Last March, most fantasy baseball owners saw Mets’s shortstop Jose Reyes , go in the first two rounds of their draft. His top flight speed, matched with above average hitting skills, mixed in with a position that lacks fantasy studs, there’s no question everyone who drafted him expected huge returns.
However, Reyes who had played 150+ games a season for the previous four years, managed only to squeak out 36 games played in 2009. He was still pretty good in those 36 games, but six weeks of playing doesn’t really pay off for a blue chip draft pick.
Coming into spring training this season, Jose appeared to be healthy, until doctors found out he had a thyroid issue. They prescribed rest to help the elevated levels return to normal.
The health issue is being described as not serious, but Jose’s weak hamstrings and now varying hormone levels are likely to scare away potential suitors come draft time. Their worry could be your potential gain.
What can we realistically expect from Reyes this season? According to FanGraphs.com three of their four projection systems peg him to have a full season of over 150 games played. Only the Marcel projections have Reyes for half a season. These projections all came out before the thyroid condition came into play, which if it fixes itself, should not be much of an issue.
All four projection systems project Reyes to be a .351-.366 wOBA player which sticks him in between Tulowitski and Jeter being the third best hitting short stop when he’s playing. When he’s playing he does everything right, he gets on base, he hits with enough power to not hurt your team, and steals bases. This makes in an incredibly medium-high risk, very high reward player in any draft.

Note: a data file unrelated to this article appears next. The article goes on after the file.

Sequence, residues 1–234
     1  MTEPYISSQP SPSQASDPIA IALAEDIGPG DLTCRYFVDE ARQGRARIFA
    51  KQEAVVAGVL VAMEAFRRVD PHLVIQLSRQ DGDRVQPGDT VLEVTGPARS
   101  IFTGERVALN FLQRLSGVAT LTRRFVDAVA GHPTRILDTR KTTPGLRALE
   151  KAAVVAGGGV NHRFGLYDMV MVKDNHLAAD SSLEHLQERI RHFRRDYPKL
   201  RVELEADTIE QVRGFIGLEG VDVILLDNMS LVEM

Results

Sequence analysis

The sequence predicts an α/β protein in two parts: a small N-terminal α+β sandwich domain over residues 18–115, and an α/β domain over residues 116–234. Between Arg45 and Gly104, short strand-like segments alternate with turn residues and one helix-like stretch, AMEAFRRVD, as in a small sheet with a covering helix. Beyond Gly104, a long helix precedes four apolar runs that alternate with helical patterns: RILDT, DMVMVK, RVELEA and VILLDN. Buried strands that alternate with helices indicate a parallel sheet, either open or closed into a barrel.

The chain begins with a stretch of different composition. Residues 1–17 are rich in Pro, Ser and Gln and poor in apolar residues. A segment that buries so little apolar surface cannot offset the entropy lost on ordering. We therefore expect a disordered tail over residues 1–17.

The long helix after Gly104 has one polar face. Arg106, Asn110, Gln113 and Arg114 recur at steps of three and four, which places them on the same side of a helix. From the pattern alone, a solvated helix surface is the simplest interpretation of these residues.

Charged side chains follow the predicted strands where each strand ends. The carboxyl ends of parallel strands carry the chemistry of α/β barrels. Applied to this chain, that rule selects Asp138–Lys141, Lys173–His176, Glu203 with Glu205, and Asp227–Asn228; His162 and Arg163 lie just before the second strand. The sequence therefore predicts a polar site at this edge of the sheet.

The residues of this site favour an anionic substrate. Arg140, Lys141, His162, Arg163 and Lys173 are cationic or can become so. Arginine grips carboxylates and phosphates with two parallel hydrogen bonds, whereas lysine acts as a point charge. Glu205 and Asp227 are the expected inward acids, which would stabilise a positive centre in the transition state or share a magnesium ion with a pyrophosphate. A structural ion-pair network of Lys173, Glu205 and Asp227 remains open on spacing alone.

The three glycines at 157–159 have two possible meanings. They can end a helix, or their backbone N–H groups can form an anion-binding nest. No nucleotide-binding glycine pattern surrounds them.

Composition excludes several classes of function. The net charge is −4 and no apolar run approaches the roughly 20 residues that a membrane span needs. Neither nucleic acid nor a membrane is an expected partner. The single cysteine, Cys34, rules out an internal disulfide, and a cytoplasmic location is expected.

As long as Reyes on the field he is a fantasy game changer, the risk for Jose Reyes lies completely with how many games he plays in 2010. Because he is so good, he’s still valuable if he only gets in half a season as his production will likely out weigh a mid-level short stop, and generally those points, stats, or whatever counter your league(s) use still count.
The shortstop position is thin for elite talent, so getting a great player pays great dividends, while having a bust here, and having to replace a Hanley, Tulo, or Jose, doesn’t put you to far behind most of the teams. The risk is there, but it is far from crippling.
I would be comfortable taking Jose Reyes before or after Jeter is off the table, likely in the second or third round, if it's round four and you haven’t filled the shortstop position, calling out Jose Reyes’ name should be extremely exciting.
Nabbing a backup shortstop would not be a high priority either, as the mid level short stops are not likely to be much better than the waiver wire pick-ups likely to be available, depending how deep your league goes.
Jordan Gillis is a writer from South Dakota wishing he was located in or around Seattle. You can keep up with Jordan's passions at his baseball blog Fantasy By The Book and follow him on twitter @FantasyBtB.